A biological brain is good at adapting the acquired knowledge from similar tasks to domains of new tasks, even if only a handful examplesare available in the new-task domain. This kind of learning is called continual learning or multi-task learning[62, 63], an ability to learn many tasks in sequence, while transfer learning refers to the process ofexploiting the previously acquired knowledge from a source task to improve the generalization performance in a target task[64]. However, the stable adaptation to changing environments, an essence of lifelong learning, remains a significant challenge for modern artificial intelligence[64]. More precisely, neural networks are in general poor at the multi-task learning, although impressive progresses have been achieved inrecent years. For example, during learning, a diagonal Fisher information term is computed to measure importances of weights (then a rapid change is not allowed for those important weights) for previous tasks[63].A later refinement by allowing synapses accumulating task relevant information over time was also proposed[65].More machine learning techniques to reduce the catastrophic forgetting effects were summarized in the review[64]. However,we still do not know the exact mechanisms for mitigating the catastrophic forgetting effects in a principled way, which calls for theoretical studies ofdeep learning in terms of adaptation to domain-shift training, i.e., connection weights trained in a solution to one task are transformed to benefit learning on a related task.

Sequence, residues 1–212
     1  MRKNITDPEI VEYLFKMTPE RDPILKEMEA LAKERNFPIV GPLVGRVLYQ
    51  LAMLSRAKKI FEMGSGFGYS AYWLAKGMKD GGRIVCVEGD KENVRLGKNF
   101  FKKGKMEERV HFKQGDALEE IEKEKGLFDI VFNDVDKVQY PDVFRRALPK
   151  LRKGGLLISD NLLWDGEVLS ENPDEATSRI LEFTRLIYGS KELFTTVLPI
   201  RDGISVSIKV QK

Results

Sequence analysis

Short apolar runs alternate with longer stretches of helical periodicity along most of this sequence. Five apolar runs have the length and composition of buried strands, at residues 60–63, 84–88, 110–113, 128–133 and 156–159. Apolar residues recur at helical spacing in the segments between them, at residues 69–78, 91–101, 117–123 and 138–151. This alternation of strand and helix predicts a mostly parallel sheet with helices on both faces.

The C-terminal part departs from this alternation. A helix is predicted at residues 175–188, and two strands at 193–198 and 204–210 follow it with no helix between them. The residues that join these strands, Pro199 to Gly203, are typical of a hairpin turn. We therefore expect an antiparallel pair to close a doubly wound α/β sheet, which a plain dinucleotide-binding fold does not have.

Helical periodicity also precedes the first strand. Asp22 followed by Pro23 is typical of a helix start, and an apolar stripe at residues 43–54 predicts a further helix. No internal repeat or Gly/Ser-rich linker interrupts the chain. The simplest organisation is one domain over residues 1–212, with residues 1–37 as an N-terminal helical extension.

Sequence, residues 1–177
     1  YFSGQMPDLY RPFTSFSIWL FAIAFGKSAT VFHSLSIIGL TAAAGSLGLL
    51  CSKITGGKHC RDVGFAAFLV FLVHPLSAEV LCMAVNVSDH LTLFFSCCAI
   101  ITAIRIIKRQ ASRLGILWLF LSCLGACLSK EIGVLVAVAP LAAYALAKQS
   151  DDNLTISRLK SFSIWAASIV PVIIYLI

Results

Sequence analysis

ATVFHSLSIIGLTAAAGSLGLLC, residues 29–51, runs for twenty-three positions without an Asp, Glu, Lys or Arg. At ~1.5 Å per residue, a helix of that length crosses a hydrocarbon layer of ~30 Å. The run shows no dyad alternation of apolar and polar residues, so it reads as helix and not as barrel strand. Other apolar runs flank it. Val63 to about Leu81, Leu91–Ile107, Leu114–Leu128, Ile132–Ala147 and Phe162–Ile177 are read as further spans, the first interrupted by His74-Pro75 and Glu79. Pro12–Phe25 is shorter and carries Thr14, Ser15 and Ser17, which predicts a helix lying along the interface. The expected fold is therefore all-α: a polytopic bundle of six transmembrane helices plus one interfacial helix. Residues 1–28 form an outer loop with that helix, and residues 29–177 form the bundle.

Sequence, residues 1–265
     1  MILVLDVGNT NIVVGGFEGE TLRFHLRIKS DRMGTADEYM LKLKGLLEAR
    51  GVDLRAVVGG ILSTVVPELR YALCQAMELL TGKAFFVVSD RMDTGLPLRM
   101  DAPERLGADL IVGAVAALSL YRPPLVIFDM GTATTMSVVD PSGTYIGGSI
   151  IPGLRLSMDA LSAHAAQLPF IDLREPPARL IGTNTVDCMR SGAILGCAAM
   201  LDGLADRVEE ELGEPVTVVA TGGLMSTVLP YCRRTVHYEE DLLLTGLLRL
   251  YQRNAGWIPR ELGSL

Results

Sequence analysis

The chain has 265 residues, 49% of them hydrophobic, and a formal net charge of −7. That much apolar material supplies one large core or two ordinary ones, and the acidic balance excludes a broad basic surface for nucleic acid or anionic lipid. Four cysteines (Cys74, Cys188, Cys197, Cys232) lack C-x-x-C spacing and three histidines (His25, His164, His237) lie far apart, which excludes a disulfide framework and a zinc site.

Using asymptotic analysis, a recent work studying transfer learning identified a phase transition in the quality of the knowledge transfer[66].This work reveals how the related knowledge contained in a source task can be effectively transferred to boost the performance in a target task.Other recent theoretical studies interpreted the continual learning with a statistical mechanics framework using Franz-Parisi potential[67] or as an on-line mean-field dynamics of weight updates[68]. The Franz-Parisi potential is a thermodynamic potential used to study glass transition[69]. The recent work assumes that the knowledge from the previous task behaves as a reference configuration[67], where the previously acquired knowledge serves as an anchor for learning new knowledges. This framework also connects to elastic weight consolidation[63], heuristic weight-uncertainty modulation[70], and neuroscience inspired metaplasticity[71], providing a theory-grounded method for the real-world multi-task learning with deep networks.

## VI Challenge \@slowromancapv@—Causal learning